School of Theatre > For educators > In your classroom > Improvisation
Discover spontaneity through Improvisation. Using a series of theatre games, listening exercises, improvisations and narrative scenes, students learn to communicate effectively and trust their impulses. In this workshop, your students will open up to the kind of spontaneity that breeds better comic timing on stage, stronger reactions in rehearsals and increased laughter in the classroom. Berkeley Rep Teaching Artists will modify curriculum based on students’ grade, level of experience and teacher feedback. Improvisation is available as a one-, three- or 10-hour workshop.
- Introduces and develops theatrical skills and knowledge in middle and high school students.
- Students develop skills, such as spontaneity and physical timing, necessary to develop improvised characters and scenes.
- Encourages students to make choices and experience their consequences.
- Students work collaboratively with partners and groups towards a common goal.
- Provides an avenue for creative expression and increased self-confidence, particularly in public speaking.
- Exposes students to multiple modalities of learning and expression.
- Offers flexibility of curriculum for students in all degrees of learning, ELL, students from different cultural backgrounds and students with learning and physical disabilities.
To bring an Improvisation workshop into your classroom, please complete the registration form. We will contact you to confirm your scheduling once we have received all necessary registration information.
September 2012–May 2013
One-, three- or 10-hour sessions
maximum class size
30 students / 1 teaching artist
- First one-hour workshop—FREE * (one hour per public school)
- Additional one-hour workshop—$75/hour
($60/hour educator discount **)
- Three-hour session—$60/hour
($55/hour educator discount **)
- 10-hour session—$55/hour
- Title I discount—$55/hour
- Non-public schools—$75/hour
* Limited to one free teaching hour per public school in Alameda, Contra Costa, Marin, Napa, San Francisco, San Mateo, Santa Clara, Solano and Sonoma counties. Based on availability of Berkeley Rep School of Theatre staff. Limited to 30 students per classroom. Must sign and agree to Berkeley Rep School of Theatre booking agreement.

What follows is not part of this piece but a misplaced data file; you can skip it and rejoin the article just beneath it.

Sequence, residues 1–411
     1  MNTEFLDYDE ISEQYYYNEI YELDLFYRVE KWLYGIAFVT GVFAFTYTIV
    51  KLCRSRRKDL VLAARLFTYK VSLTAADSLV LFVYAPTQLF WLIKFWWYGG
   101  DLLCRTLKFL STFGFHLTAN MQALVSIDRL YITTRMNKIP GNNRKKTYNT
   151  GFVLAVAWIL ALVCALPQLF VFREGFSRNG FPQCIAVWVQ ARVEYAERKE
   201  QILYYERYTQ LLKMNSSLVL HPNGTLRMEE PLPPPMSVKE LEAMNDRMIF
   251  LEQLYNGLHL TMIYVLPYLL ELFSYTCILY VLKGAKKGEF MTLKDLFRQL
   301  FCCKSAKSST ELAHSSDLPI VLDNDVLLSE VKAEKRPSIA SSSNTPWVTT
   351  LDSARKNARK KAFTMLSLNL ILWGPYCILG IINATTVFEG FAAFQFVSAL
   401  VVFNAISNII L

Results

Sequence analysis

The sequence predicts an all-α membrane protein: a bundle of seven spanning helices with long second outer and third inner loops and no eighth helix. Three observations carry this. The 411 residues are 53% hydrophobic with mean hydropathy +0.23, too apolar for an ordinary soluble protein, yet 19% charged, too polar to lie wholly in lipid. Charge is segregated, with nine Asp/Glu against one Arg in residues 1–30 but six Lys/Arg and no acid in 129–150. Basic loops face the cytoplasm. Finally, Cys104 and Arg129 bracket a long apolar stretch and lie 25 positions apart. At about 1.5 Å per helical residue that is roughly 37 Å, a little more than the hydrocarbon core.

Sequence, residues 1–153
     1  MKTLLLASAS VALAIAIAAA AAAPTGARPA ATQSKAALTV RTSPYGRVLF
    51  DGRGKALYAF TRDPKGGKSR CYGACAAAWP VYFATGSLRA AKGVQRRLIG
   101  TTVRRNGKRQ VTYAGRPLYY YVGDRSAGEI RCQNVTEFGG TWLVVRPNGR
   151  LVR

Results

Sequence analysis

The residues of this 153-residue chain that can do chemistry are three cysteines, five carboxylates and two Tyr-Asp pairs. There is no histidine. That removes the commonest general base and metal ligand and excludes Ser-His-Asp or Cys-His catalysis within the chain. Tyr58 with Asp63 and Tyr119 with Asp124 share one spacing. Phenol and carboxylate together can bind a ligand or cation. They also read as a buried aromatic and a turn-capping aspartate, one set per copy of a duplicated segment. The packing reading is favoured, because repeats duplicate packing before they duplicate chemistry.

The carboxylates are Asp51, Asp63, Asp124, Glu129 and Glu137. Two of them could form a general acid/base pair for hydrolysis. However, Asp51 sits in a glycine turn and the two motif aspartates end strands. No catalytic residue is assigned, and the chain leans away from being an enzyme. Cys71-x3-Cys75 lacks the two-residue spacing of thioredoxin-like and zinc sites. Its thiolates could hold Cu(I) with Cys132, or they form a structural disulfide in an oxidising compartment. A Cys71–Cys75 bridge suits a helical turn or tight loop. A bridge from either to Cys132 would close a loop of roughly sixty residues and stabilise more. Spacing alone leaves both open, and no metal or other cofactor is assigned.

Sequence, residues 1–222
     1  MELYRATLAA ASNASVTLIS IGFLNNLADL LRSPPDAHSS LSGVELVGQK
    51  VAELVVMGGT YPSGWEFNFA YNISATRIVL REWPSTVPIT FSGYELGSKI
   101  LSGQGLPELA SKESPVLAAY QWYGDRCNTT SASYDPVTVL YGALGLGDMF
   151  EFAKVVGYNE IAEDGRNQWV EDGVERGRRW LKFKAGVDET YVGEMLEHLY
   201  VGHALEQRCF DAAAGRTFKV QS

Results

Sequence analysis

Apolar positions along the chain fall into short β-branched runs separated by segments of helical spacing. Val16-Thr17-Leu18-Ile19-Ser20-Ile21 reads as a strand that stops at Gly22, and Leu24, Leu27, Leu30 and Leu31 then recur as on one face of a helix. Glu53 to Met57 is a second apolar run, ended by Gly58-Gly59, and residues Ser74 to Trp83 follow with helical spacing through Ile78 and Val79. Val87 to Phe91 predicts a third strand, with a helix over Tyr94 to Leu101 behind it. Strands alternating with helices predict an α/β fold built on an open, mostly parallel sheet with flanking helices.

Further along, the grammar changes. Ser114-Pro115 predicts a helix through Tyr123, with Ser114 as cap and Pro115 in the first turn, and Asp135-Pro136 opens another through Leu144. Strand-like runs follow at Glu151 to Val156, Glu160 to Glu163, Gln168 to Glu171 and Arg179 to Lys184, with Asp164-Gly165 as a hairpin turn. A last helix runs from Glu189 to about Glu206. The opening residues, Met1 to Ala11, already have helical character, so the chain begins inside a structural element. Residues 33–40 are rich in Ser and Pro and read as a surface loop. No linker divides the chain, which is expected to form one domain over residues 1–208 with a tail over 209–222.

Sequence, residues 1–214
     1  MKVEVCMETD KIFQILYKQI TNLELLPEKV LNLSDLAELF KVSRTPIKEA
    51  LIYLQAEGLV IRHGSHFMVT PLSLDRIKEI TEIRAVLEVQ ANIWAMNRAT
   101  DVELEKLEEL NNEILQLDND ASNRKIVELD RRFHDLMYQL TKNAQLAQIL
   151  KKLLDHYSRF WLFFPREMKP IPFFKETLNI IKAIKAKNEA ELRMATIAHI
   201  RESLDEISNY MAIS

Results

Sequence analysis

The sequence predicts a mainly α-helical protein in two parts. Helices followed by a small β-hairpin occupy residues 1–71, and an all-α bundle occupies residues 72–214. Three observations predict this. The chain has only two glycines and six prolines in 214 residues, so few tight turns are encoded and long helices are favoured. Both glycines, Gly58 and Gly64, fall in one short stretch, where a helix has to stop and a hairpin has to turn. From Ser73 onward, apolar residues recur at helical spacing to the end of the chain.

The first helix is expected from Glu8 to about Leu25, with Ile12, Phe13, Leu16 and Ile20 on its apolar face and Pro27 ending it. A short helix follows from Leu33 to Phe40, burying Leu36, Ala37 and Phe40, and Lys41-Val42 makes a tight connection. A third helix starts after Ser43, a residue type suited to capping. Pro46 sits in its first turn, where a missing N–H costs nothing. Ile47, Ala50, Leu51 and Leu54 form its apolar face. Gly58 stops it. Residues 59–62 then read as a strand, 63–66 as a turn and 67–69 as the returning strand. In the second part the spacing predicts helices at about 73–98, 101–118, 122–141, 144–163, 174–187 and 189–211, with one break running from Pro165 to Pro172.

** Must be paid by personal check or credit card for use in educator’s own classroom.
*** Due to high fuel costs, schools located over 50 miles away from Berkeley Repertory Theatre may be charged an additional transportation fee.
new concepts and vocabulary introduced
- Blocking / Use of space
- Committing to the immediate choice
- Giving and receiving offers
- Just say “yes…and”
- Setting the scene
All of the subjects below are integrated into the Improvisation curriculum. Depending on grade level and number of bookings, some subjects are explored further than others.
all standards covered
English Language Arts: Literary Response and Analysis: 3.3, 3.4; Listening and Speaking: 1.6, 1.9, 1.11, 2.1, 2.6
Physical Education: 1.4, 1.5, 5.3, 5.4
Visual and Performing Arts, Theatre: 1.1, 1.2, 2.1, 2.2, 2.3, 4.2, 5.1, 5.2, 5.3
English Language Arts
- Use speaking techniques, including voice modulation, inflection, tempo, enunciation and eye contact.
- Establish clearly the speaker’s point of view on a subject and relationship with that subject.
- Demonstrate body management and locomotor skills.
- Evaluate the effect of expressing encouragement to others while participating in a group physical activity.
Visual and Performing Arts, Theatre
- Artistic Perception
- Identify a character’s objectives and motivations to explain that character’s behavior.
- Creative Expression
- Participate in improvisational activities, demonstrating an understanding of text, subtext and context.
- Use improvisation to discover character and motivation.
- Use effective vocal and facial expression, gesture and timing to create character.
- Perform character-based improvisations, pantomimes or monologues, using voice, blocking and gesture to enhance meaning.
- Improvise or write dialogues and scenes, applying basic dramatic structure (exposition, complication, crises, climax and resolution) and including complex characters with unique dialogue that motivates the action.
- Connections, Relationships, Applications
- Demonstrate projection, vocal variety, diction, gesture and confidence in an oral presentation.
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